A few of the best episodes include:
“The People in the Forest” (June 11, 1950)
A fascinating episode in which an OSS agent sent to steal German defense plans meets up with a band of Maquis led by a Robin Hood-esque character known as the Fox. The agent feels a deep sense of unreality as the brutalities of war (including the senseless death of another agent) with the swashbuckling tactics of the Fox and his group. But those brutal realities intrude even further into the situation when the Fox learns there is a traitor living amongst them.
“The Swastika on the Windmill” (July 30. 1950)
A captured agent pretends to switch sides to spare himself from torture. The Germans want him feed false information to the Allies, but he actually comes up with a clever method of sending false information in the other direction. The downside is that he must allow his relatives to believe he’s a traitor.
“The Black Radio” (August 27, 1950)
A typically strong entry in the series, featuring an agent who is sent into a strategic German town to set up a "Voice of Freedom" broadcast station. He poses as an ex-soldier (discharged because of wounds) during the day, while making his broadcasts at night. He has to constantly switch his radio to new locations to avoid detection, as well as deal with a nosy neighbor who just happens to work as a clerk at Gestapo headquarters.
The script does a really good job of establishing a constant sense of danger and fear, thus keeping the tension high throughout the episode. There's also a heart-breaking sequence in which his Underground contact within the town is captured and scheduled to be publicly executed, leaving him feeling helpless and guilt-ridden as he realizes there is nothing he can do to help. The ending includes a great twist.
There's also a moment early in the episode that typifies just how well-written Cloak and Dagger was. When the protagonist has to make a night-time parachute jump over the Black Forest, the first-person narration provided by actor Larry Haines does a spine-tingling job of telling us just how scary this was. It was a bit that didn't really have anything to do with the main plot, but it added a lot to the overall atmosphere and verisimilitude of the episode.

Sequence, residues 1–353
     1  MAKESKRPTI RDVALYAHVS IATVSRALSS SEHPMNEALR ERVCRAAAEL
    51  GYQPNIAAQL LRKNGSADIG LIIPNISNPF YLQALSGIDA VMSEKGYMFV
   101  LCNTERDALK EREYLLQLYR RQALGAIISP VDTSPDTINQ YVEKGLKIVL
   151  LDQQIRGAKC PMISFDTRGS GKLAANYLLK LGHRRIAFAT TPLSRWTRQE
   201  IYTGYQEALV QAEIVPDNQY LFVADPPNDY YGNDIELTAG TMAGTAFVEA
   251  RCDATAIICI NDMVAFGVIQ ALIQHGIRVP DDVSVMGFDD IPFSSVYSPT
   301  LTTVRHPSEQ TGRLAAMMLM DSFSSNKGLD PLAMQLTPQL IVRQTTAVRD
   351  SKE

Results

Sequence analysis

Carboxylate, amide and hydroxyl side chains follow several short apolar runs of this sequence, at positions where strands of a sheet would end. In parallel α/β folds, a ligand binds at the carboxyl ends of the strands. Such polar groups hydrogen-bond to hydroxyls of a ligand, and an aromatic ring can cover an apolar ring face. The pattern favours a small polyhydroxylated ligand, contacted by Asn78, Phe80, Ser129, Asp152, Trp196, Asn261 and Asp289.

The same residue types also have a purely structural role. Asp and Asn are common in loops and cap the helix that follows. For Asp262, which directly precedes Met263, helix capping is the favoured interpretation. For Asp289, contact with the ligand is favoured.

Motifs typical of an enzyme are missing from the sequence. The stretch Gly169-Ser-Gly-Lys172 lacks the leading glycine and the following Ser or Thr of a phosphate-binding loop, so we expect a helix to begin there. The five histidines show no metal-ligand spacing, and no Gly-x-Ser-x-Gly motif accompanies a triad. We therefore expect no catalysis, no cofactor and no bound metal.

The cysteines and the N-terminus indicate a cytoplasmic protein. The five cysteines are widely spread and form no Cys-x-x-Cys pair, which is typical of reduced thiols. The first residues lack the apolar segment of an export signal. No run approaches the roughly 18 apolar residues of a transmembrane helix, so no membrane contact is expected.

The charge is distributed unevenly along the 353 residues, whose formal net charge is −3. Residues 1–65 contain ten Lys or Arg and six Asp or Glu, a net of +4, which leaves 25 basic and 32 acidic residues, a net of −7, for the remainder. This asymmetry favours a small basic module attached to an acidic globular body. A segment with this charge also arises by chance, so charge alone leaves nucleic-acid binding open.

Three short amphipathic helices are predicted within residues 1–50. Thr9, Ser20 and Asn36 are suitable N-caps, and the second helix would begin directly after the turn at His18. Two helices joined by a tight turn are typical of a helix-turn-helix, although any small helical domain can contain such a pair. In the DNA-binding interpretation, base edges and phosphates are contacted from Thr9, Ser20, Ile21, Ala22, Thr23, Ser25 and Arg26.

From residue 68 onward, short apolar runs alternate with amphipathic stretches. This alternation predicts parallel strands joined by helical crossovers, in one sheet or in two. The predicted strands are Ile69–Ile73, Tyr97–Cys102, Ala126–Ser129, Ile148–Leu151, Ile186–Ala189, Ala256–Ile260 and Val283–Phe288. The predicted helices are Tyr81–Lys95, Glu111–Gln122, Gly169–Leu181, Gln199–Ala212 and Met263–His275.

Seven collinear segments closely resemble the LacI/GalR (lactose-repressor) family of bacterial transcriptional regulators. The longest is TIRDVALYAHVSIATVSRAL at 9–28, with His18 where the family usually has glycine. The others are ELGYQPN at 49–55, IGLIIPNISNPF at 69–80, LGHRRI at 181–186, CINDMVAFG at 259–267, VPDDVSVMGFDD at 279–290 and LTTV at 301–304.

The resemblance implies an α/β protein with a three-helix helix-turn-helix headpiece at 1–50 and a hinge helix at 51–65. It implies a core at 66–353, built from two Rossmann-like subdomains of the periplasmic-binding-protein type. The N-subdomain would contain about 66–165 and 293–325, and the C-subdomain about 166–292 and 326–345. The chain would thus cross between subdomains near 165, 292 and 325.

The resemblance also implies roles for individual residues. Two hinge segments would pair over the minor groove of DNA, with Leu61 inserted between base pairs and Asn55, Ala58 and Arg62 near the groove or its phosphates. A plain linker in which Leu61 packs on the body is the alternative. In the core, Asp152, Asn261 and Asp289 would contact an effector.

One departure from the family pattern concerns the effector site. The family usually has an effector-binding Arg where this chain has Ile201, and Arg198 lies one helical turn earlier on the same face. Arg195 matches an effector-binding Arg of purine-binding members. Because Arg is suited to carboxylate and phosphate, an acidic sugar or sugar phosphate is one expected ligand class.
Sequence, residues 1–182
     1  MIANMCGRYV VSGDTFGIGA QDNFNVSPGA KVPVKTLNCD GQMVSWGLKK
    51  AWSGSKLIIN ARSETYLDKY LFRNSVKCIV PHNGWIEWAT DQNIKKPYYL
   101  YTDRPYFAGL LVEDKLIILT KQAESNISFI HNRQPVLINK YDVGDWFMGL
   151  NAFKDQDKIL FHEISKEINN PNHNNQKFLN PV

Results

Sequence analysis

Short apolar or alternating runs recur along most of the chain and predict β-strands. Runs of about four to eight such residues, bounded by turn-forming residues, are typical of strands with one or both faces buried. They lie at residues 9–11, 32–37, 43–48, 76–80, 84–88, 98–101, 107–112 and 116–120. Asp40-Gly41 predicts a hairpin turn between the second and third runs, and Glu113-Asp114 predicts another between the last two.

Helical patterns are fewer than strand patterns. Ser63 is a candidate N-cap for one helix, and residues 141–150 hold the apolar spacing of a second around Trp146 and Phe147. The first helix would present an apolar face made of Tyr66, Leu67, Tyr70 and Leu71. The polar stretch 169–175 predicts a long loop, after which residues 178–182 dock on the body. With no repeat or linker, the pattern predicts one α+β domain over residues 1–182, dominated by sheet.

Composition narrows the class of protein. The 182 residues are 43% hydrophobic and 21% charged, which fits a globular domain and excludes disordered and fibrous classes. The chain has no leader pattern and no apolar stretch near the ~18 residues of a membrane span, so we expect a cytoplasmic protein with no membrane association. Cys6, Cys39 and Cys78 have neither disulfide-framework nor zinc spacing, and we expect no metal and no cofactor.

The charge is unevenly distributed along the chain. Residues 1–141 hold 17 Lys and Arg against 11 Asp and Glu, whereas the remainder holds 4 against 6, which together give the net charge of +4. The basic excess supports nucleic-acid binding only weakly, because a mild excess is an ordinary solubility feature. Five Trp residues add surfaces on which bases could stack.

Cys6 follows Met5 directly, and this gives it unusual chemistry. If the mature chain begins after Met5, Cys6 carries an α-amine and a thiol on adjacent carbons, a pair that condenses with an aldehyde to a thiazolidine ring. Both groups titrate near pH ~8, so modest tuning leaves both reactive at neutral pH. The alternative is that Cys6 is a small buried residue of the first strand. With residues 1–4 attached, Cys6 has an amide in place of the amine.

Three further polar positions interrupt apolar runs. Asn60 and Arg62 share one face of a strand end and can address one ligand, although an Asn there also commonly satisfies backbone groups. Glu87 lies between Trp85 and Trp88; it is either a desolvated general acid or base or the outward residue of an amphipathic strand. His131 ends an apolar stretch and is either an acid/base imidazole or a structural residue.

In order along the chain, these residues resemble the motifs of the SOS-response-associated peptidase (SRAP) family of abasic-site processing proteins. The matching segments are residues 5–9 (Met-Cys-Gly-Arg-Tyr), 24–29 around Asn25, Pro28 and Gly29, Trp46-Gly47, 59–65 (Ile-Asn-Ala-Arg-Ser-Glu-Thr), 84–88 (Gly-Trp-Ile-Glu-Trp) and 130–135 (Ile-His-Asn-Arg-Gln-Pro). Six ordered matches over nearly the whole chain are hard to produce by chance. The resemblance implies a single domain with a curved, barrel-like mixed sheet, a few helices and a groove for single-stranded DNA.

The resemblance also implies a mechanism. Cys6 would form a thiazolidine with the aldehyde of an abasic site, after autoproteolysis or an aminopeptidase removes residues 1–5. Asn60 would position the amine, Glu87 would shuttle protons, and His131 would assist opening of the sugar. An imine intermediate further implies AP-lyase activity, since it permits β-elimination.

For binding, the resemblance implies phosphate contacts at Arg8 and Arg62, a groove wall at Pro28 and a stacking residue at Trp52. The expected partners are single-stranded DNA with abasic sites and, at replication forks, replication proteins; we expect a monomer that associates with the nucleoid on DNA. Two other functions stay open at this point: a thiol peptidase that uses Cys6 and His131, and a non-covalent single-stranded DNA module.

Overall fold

“Delay on Route” (October 6, 1950)
Most of the time, Cloak and Dagger follows an OSS agent in his/her efforts to fight directly against the Germans or the Japanese. This time, though, an agent has to save an Italian fascist from vengeful partisans.
The plot is very well-constructed. It begins in a recently liberated Italian town. We are quickly and effectively introduced to the main characters. The leader of the partisans is hanging Fascist collaborators in the town square. The OSS agent who had been working with the group for the past year disapproves--he would have preferred the men be held for a proper trial--but he respects the partisans as soldiers and understands how they feel.
All this effectively sets up the proper emotions for the story that follows. An industrialist and factory owner who was also a loyal fascist contacts the agent. He has valuable information that he'll trade for a trip to America and guaranteed safety. That puts the agent in the uncomfortable position of having to sneak the fascist out of town without the partisans finding out.
The story is tense and sharply written from start to finish, with both the dialogue and the acting combining to provide us with excellent characterizations. The story covers themes of such as the difference between justice and revenge, the need to sometimes act for the greater good, and the loyalty that two soldiers with a common enemy feel towards one another--even if they don't particularly like each other.
This article was adapted from the ebook Cloak and Dagger: A Review and Episode Guide of the Old Time Radio Show, by Tim DeForest
Tim DeForest has been geeking out on various elements of early 20th Century pop culture for most of his life. He is the author of several books on old-time radio, comic strips and pulp fiction. His first book—Storytelling in the Pulps, Comics and Radio: How Technology Changed Popular Fiction in America--was published in 2004. Radio by the Book: Adaptations of Fiction and Literature on the Airwaves, was published in 2008. Tim also maintains a blog about comics, radio and pulp fiction.
Tim has also written magazine articles on military history and the American West. He regularly teaches several Bible studies and has served as a short-term missionary in Haiti and south Sudan.